Glover argues that Qin should be considered a valuable resource for DC’s diplomatic corps and the Biden administration.
Qin is “a direct link to the most senior leaders in China and it is crucial that…he and Chinese leaders have equal insight and understanding into what serious American policymakers think about the future of our two countries,” said Qin. she declared.
That said, Qin wasn’t much of a peacemaker.
In his first public address to the United States as ambassador in September 2021, Qin denounced American “false beliefs” and warned against violating Beijing’s “red line” on Taiwan, over its claims on parts of the South China Sea or its treatment of the Uyghur Ethnic Minority.
He ominously pointed to China’s nuclear weapons capability and warned of “disastrous consequences” if the United States sought to suppress China using a “Cold War playbook”.
In Washington, he is known as someone who doesn’t back down from a fight.
“He was a difficult operator and it was not easy to work with him,” said the foreign diplomat.
This is a marked difference from the approach taken by the previous Chinese ambassador, Cui Tiankai.
“Cui was a masterful diplomat…he was reserved and he wouldn’t throw a punch unless he was punched,” Craig Allen told the US-China Business Council. “Qin Gang is more active and willing to express themselves.”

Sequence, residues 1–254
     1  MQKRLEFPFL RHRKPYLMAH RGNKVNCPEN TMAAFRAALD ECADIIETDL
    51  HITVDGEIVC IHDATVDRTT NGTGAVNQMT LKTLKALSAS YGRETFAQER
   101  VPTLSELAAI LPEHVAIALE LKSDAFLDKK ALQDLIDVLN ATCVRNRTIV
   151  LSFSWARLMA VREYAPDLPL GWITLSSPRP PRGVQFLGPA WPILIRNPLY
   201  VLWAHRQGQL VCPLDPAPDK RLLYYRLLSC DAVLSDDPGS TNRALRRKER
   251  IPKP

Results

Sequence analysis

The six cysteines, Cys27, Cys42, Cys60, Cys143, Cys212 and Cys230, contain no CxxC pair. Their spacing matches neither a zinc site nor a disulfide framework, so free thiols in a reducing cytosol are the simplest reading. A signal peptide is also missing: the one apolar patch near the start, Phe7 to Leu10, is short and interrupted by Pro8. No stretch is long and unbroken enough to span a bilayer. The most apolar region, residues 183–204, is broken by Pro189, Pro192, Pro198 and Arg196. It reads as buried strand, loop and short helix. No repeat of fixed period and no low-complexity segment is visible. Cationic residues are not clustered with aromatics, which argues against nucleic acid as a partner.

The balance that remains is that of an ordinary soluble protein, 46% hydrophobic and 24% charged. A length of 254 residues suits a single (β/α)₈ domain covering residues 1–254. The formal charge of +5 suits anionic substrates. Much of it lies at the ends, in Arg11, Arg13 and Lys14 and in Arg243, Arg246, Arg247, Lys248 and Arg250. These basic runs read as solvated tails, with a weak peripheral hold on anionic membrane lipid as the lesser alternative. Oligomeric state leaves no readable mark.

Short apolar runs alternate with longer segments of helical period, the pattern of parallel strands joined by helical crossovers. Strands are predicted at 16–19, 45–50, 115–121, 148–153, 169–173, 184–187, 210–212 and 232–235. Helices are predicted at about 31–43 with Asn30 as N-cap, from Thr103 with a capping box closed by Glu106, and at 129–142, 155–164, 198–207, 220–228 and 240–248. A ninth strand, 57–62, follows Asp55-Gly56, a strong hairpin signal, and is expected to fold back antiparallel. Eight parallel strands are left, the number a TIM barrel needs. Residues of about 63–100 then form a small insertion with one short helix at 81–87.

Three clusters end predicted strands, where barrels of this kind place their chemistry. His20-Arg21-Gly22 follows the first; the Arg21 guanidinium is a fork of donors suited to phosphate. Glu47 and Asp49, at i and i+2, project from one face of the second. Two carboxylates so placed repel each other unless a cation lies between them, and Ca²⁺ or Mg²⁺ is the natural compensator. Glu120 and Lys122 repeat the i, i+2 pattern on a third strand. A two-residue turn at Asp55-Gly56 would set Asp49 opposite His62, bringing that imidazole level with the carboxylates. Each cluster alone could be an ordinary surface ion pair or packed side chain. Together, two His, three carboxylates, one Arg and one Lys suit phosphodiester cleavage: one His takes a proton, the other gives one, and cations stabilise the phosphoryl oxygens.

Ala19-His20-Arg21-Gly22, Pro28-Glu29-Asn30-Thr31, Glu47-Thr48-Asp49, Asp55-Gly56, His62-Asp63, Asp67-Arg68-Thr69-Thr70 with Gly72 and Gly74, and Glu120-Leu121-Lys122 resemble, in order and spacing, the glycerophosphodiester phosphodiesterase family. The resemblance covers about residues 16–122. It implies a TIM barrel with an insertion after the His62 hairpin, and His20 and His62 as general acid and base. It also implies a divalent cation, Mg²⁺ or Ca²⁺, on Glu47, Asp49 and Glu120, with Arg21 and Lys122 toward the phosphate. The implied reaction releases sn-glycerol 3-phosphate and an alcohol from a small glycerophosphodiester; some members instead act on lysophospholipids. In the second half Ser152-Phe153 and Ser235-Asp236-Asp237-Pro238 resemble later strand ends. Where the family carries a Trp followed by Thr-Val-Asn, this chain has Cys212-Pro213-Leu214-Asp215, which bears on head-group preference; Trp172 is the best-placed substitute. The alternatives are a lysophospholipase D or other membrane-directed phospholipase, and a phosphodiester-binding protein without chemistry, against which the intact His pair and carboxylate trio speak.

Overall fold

But Qin has earned the respect of the American business community for seeking solutions to issues affecting American businesses in China. “I’ve always found him to be very pragmatic — he’s interested in the real problems that businesses face in China, and he wants to help solve those problems within his constraints,” Allen said.
At a February dinner in the private dining room of a Georgetown restaurant, Glover assembled a group that included Neera Tanden, a senior adviser to Biden and the president’s staff secretary, and Jay Carney, a former spokesperson for the Obama administration and then chief spokesperson for Amazon. Qin arrived late, sat at the head of the table, and calmly answered questions about Taiwan, the trade, and abuses against Muslim Uyghurs.
Qin expressed frustration that these topics dominate the bilateral agenda at the expense of a focus on pressing international issues such as poverty.
Some say the administration may already be overcoming its reluctance to engage.
“Someone made a mistake in our system – either [Qin] was more influential than we imagined and we should have known, otherwise he snuck into the Central Committee without us realizing it was possible,” the former administration official said. “But anyway, if we had known what we know now, we probably would have operated a little differently and invested a little more energy in trying to build trust with him.”